Strawberry Growth Stages: How Fast Do Strawberries Grow?

If you’re eager to harvest fresh, juicy red berries, you may be wondering how long you have to wait for strawberries to grow. Garden expert and former organic farmer Logan Hailey explains strawberry growth stages and offers tips to speed up maturity.

Strawberry Growth. Close-up of a ripe strawberry fruit among green foliage in a sunny garden. The strawberry plant is characterized by bright green, trifoliate leaves arranged in clusters on long stems. The plant bears juicy, red heart-shaped berry which is covered in tiny seeds.


Strawberries are fast-growing, compact plants that you can grow in raised beds, containers, or hanging baskets. Storebought strawberries are fine for some, but once you’ve tasted a homegrown berry, you’ll never want to go back. Growing your own fruits is incredibly rewarding and delicious. Moreover, you can be sure that your fresh berries are vine-ripened and never sprayed with any nasty chemicals. 

But will you have to wait forever to harvest fruit? Strawberries grow pretty fast compared to other fruiting plants, and understanding their growth stages makes it even easier to accelerate establishment in your garden.

Let’s dig into everything you need to know about strawberry plant development and how to speed up growth in your garden.

How Fast Do Strawberries Grow?

Strawberries are quick-maturing plants that can produce fruits within three months of planting. Depending on the variety, strawberries take 60 to 90 days to mature from bare root crowns or plugs. However, June-bearing and everbearing plants don’t produce prolific yields until the following year. Day-neutral varieties produce fruit in the first year and are the most desirable for gardeners who want a quick strawberry harvest.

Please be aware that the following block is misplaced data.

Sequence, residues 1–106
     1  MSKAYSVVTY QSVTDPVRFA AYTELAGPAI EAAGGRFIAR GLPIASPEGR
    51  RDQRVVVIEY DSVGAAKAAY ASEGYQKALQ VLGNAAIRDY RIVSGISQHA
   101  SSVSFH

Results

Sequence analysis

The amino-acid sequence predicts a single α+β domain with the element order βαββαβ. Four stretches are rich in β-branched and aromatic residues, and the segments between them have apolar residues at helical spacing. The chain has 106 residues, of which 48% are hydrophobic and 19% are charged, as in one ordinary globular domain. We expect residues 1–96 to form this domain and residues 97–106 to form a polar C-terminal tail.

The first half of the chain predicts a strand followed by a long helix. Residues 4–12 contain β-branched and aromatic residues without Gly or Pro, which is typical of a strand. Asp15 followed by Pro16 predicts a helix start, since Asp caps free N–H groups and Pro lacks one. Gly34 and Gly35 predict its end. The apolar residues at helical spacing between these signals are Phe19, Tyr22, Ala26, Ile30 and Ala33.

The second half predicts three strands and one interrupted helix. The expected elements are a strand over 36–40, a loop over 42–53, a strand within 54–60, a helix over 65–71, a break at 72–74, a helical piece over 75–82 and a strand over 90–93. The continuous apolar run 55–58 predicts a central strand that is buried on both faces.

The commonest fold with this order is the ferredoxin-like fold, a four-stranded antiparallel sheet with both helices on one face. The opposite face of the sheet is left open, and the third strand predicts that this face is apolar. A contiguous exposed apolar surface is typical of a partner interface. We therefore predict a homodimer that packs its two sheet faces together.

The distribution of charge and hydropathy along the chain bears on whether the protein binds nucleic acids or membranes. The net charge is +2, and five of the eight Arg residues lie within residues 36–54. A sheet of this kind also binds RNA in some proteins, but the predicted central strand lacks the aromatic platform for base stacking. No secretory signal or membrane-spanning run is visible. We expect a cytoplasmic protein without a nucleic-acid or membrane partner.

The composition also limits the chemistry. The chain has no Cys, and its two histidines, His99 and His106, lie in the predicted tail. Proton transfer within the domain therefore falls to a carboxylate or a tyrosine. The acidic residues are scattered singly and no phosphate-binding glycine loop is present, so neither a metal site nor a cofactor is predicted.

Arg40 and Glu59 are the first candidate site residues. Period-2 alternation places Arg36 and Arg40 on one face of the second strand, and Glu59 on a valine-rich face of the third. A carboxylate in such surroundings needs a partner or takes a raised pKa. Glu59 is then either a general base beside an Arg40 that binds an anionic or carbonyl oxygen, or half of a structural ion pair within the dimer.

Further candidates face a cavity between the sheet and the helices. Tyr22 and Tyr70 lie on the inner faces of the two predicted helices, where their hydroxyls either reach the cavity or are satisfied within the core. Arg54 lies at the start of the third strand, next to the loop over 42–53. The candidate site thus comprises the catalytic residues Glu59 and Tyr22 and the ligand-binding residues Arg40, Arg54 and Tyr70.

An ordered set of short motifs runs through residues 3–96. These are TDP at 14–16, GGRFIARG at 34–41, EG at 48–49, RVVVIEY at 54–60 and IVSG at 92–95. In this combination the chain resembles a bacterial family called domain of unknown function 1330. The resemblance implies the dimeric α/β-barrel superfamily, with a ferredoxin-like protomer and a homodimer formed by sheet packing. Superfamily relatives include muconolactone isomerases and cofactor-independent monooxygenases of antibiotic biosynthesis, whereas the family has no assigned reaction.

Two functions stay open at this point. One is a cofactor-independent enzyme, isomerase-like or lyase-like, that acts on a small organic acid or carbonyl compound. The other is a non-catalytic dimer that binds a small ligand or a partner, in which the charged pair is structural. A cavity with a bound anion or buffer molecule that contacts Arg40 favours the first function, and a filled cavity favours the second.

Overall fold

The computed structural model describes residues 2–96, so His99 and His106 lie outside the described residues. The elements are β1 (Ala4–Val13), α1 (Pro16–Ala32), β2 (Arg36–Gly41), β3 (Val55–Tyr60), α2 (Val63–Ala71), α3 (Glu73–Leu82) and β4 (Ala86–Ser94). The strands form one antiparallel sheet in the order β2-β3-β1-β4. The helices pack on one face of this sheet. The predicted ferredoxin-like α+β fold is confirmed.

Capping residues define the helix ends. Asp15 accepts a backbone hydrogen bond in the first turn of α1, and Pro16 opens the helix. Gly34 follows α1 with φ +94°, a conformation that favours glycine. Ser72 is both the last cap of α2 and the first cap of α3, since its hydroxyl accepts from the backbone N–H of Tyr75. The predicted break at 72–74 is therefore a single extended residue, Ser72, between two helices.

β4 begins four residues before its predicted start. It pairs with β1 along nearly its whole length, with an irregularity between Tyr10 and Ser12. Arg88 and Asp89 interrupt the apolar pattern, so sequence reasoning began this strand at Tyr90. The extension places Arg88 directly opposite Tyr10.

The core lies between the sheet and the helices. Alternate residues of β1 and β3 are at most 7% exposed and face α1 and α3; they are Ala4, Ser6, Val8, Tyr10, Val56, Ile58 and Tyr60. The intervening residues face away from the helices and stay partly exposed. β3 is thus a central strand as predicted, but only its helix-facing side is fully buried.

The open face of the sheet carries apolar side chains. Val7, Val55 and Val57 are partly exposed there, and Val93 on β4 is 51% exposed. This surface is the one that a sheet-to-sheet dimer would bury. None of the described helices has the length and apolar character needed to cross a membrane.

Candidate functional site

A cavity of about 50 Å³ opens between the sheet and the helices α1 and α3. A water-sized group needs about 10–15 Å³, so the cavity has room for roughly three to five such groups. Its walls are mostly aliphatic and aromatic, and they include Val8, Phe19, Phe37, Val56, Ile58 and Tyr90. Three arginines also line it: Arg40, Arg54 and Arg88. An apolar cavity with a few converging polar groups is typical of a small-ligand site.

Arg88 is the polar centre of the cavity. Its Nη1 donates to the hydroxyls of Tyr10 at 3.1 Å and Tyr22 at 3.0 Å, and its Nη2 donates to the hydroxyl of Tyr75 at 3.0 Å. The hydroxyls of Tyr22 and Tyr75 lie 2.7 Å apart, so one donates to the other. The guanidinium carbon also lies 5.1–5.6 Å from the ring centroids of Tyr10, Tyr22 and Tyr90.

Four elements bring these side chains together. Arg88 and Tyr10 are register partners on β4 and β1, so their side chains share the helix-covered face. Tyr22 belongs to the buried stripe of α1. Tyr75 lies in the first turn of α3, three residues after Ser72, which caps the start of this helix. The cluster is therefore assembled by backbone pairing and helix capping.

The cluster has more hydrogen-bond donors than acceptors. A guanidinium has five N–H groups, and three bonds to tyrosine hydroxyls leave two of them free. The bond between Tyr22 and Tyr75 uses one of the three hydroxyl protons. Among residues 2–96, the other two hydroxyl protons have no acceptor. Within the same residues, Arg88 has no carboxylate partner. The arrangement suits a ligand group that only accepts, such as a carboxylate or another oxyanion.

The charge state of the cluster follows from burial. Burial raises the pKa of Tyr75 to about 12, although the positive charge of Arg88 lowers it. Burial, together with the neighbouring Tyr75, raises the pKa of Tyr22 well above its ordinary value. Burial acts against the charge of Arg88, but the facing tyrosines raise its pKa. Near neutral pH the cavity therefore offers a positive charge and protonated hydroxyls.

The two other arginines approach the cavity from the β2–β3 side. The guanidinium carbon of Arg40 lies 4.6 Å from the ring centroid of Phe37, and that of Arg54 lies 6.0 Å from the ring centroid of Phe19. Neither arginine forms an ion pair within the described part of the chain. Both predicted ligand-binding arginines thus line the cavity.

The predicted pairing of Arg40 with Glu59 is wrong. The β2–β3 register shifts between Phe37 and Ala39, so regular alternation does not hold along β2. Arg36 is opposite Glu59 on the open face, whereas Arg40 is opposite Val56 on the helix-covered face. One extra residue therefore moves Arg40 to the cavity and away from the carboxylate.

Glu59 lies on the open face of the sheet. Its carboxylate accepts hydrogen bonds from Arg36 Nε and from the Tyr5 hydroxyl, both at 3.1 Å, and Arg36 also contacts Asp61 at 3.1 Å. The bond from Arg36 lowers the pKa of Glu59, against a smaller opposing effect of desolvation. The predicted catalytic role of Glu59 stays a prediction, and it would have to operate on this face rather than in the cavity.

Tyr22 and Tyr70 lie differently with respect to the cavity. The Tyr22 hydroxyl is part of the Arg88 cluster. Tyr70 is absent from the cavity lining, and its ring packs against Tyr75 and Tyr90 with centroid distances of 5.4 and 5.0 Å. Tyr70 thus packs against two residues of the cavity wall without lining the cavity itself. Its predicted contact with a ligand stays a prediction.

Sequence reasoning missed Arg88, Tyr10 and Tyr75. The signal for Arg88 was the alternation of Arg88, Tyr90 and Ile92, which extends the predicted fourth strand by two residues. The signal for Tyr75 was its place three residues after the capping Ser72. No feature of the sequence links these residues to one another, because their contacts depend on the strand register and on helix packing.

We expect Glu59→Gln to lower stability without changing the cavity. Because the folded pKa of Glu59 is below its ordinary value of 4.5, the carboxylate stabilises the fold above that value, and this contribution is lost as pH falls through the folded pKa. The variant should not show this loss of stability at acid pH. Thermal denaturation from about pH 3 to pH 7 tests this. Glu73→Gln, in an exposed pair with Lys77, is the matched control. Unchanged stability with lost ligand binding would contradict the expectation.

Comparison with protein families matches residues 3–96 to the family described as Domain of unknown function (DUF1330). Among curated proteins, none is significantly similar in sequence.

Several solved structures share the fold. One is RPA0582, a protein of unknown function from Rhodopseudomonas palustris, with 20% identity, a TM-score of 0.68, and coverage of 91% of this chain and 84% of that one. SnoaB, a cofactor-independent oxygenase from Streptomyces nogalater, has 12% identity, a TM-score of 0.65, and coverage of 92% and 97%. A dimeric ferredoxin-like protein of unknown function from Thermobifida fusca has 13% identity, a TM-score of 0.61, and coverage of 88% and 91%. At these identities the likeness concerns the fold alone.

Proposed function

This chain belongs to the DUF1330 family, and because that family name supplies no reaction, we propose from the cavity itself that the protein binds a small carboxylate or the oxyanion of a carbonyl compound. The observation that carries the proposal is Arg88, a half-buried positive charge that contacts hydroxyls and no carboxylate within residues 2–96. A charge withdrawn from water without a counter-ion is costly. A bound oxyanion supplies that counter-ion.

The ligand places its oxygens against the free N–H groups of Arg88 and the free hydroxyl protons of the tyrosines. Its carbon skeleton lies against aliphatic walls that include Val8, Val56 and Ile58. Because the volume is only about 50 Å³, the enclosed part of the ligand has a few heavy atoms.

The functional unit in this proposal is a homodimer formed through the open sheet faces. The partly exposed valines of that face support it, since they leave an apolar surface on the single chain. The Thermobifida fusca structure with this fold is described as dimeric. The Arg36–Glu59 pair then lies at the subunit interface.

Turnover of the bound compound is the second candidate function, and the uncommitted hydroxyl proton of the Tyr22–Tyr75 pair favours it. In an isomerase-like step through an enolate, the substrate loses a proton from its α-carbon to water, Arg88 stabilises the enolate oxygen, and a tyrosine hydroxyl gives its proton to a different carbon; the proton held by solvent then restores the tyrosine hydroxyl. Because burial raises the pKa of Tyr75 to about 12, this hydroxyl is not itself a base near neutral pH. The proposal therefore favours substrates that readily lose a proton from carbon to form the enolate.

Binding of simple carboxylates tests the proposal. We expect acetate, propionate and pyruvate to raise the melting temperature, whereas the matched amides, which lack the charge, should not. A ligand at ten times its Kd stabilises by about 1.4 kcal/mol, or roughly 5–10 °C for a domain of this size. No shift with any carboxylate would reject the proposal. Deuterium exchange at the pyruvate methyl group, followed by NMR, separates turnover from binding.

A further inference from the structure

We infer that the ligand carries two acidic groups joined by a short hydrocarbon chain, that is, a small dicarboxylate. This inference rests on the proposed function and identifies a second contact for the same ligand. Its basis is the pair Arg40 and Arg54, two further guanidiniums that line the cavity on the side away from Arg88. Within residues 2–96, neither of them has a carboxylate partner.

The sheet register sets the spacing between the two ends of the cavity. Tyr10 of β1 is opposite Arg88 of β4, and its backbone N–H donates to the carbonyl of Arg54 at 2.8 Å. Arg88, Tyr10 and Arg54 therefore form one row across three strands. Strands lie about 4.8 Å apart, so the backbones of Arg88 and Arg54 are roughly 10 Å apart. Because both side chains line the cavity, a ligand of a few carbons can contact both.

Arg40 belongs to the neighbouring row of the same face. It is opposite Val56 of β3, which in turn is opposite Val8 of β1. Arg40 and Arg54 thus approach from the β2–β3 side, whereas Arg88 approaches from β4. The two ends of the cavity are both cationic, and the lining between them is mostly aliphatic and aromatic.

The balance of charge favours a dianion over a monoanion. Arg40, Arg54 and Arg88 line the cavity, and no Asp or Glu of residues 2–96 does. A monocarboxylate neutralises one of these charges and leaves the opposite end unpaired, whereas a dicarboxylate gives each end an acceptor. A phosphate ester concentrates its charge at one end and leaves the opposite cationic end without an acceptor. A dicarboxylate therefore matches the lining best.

6 Stages of Strawberry Growth

Strawberries are naturally perennial plants with distinctive phases of growth. Many gardeners panic when their plants fail to produce berries right away, but patience is required for the plants to establish their roots and begin fruiting. Some cultivars (typically June-bearing and everbearing types) take a year to reach full maturity and maximize their yields. 

However, modern day-neutral varieties can mature and fruit in their first season. Because they can mature in the same year they are planted, day-neutrals are often grown as annual plants. They can be left in the ground to overwinter, or they can be pulled out and refreshed with new plants the following year, much like annual vegetables.

No matter what growing method or variety you choose, all Fragaria plants go through the same growth stages. Understanding these developments will make it easier to gauge the health of your plants and address issues like a lack of flowers or fruit. While lack of sunlight and pollination are common problems that prevent fruit production, patience can be another issue. 

Plants must mature into the reproductive growth phase before they can start fruiting. Here is how to recognize what phase your plants are in:

Bare Crown or Seedling Stage

Planting strawberries in the garden. Close-up of a gardener's hand in white gloves planting a young strawberry seedling with bare roots in the soil. In his other hand, the gardener holds a double-sided hoe. A young strawberry seedling consists of thin hairy stems with vibrant green, serrated leaves arranged in clusters bearing three leaflets.
Choose day-neutral strawberry varieties for quicker, first-year harvests.

Like all fruiting plants, strawberries begin as seeds. But most gardeners don’t grow strawberries from seed (though it is perfectly feasible). Instead, it is more common to source bare root crowns or strawberry plugs. Both types of baby plants get established in similar time frames. You can plant two to three weeks before your last spring frost date and expect the first berries in about three months. Peak production is usually mid-summer through fall.